At a dinner party a few weeks ago, the subject of climate change came up.
“Did you look at that guide in the Guardian,” someone said, turning to look at me. Specifically – I note – at me.
I frowned. “Yeah, I did actually,” I said. “It was good.”
“You need to,” my assailant replied, wiggling a finger. “All those flights!”
And everyone around the dinner table nodded knowingly. Smugly, even.
Unfortunately – typically – I’m not quick enough to defend myself; not quick enough to point out that my flights back to the UK (I live in France) are an essential part of my job, nor that I don’t earn enough to be able to afford to take the train. I don’t explain that I carbon offset all my flights (not perfect I know, but not entirely irresponsible either). Neither do I point out that, unlike my friends, I don’t live in a large detached house heated with vast amounts of petrol and coal, but in an extremely small apartment running on (very little) 100% renewable electricity driving a 200% efficient heat pump. I even forget to mention that I don’t run a car.
So I just sit, rather shamefully, and stupidly – it seems to me now – and watch, and seethe a little, as my friends, with their four kids and their big houses, wiggle their toasty warm fingers at me, bathed in the gentle light of tungsten lamps. And eventually someone opens another bottle of Australian plonk, and the discussion moves on to which of this holiday’s selection of chinese-made junk they will buy their kids for Christmas.
Ever since that meal, I have been watching – my brain suddenly tuned-in to the debate, both around me and in the media. There’s a great deal of debate – and that’s good. But when none of my friends talk about themselves – when they all talk about those “other people” – the ones with the 4×4’s – the ones flying off to Spain for their cheap holidays. And when our leaders talk about what the Chinese and the Americans should do… And when even the likes of George Monbiot, and Sir Menzies Campbell, some of the most responsible, distinguished and articulate finger pointers of our time admit they they haven’t yet “got around to” calculating their own carbon footprints, well, I start to see a pattern. I start to see a problem.
So here it is. There is too much finger pointing going on. And there’s not enough engagement of personal responsability.
Just for the record, here is the current estimate of where the the world’s 7th largest producer of carbon – that is the UK… This is where the UK’s carbon emissions come from. This is what we, and in we, there is both you, and me, are really doing, right now, to destroy the planet.
Business :- 37%
Land Transport – 26%
Household – 26%
Air Travel – 6%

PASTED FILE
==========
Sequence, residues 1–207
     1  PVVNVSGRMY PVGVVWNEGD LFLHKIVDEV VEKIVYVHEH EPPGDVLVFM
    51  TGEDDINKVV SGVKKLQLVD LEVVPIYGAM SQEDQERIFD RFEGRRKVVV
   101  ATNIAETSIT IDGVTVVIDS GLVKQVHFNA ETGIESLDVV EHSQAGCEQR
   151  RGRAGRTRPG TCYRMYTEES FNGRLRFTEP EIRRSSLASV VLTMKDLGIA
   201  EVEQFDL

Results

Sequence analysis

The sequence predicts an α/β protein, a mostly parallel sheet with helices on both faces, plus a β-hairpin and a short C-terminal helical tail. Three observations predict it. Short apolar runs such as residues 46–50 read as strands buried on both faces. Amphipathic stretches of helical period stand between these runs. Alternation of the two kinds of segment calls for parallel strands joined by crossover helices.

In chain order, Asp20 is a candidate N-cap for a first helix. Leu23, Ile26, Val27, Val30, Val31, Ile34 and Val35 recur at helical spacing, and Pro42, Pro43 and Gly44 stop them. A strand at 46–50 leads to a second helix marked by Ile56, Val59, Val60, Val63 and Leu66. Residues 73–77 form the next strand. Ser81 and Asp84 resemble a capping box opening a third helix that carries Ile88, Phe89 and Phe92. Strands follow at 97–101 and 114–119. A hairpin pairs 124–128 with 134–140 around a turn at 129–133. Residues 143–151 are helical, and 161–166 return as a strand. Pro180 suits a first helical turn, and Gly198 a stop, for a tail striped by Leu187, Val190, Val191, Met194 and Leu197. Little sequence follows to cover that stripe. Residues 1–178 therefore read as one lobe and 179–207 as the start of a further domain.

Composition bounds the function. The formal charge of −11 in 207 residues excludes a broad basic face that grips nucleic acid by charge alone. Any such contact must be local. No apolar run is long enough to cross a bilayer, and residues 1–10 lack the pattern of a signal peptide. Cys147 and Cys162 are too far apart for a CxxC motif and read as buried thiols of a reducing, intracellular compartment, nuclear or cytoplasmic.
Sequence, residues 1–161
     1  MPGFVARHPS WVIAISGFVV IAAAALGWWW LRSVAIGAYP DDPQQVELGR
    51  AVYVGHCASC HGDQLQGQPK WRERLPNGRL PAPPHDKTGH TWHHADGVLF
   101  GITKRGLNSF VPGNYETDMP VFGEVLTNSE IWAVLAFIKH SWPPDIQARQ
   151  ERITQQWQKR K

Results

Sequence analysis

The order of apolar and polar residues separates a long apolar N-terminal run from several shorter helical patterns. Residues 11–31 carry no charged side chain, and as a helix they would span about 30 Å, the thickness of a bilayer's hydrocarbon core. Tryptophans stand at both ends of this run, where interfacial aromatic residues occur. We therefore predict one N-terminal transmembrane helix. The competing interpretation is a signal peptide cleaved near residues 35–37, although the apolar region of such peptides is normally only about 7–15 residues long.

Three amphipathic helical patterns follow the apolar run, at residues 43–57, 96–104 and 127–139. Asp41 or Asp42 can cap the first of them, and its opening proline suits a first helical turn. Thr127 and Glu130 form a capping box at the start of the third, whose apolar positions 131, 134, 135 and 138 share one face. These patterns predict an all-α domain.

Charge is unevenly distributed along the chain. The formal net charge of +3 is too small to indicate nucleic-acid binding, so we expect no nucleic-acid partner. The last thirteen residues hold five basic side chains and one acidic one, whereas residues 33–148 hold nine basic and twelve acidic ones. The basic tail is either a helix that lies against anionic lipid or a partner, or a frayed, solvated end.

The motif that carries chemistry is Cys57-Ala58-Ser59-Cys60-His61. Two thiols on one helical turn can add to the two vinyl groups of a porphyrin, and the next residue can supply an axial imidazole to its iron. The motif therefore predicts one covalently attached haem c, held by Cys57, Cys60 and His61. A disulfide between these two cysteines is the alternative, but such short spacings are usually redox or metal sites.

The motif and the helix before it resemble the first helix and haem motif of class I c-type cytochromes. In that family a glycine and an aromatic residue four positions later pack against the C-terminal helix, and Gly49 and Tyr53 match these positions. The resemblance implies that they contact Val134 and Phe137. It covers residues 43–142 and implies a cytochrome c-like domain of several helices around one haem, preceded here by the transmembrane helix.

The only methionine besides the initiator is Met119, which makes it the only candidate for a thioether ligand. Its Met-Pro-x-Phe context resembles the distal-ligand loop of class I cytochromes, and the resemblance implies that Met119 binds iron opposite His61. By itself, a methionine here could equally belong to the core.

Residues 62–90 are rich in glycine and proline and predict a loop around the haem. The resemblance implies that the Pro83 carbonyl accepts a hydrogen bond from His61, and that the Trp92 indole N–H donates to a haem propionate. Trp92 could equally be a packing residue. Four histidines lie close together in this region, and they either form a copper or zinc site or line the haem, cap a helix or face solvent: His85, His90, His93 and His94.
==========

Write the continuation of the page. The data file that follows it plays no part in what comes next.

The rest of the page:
Shipping – 1%
Agriculture – 1%
Source: “UK Greenhouse Gas Emissions – Latest Figures”, 30 March 2006).
So flying is 6%. It’s a lot, 6%. But why is everyone talking only about flying? Why aren’t we having a mature debate about the 26% that road transport contributes, or the 26% our tungsten bulbs and gas central heating belch out?
Could it be that talking about flying and engaging in a bit of finger pointing is just more fun than having to worry about driving the kids to school, or insulating the loft, or installing those horrid ecological light-bulbs?
Cheap air travel is on the increase – it’s a problem, sure. Let’s have that debate and then lets do something about it. Lets put tax on aviation fuel and subsidise rail travel so that doing the right thing becomes a no-brainer.
But think about it. Scientific reason will tell you that if you want to reduce carbon emissions by 60%, then concentrating all your efforts on an activity that produces 6% of the emissions just ain’t going to do it. And sociological reasoning about why the powers that be – the media, the government, industry want you to worry about what you personally aren’t doing, that which isn’t causing the problem, rather than think about what you are doing, that which is causing the problem, right now… Well, that should be food for thought. Maybe, just maybe, they want you to carry on just as you are.
So here’s the deal. You deal with your carbon emissons and i’ll deal with mine. Lets spend a little more time auditing – and reducing our own personal carbon footprints and a little less pointing the finger at those naughty others… And when George Monbiot and Sir Menzies Campbell have worked out their footprints… And when my friends have decided not to pile up that coal fire, and not to choose Australian Chardonnay… Well, I might be a little more interested in their contribution to the debate. Never did the political need more to be personal.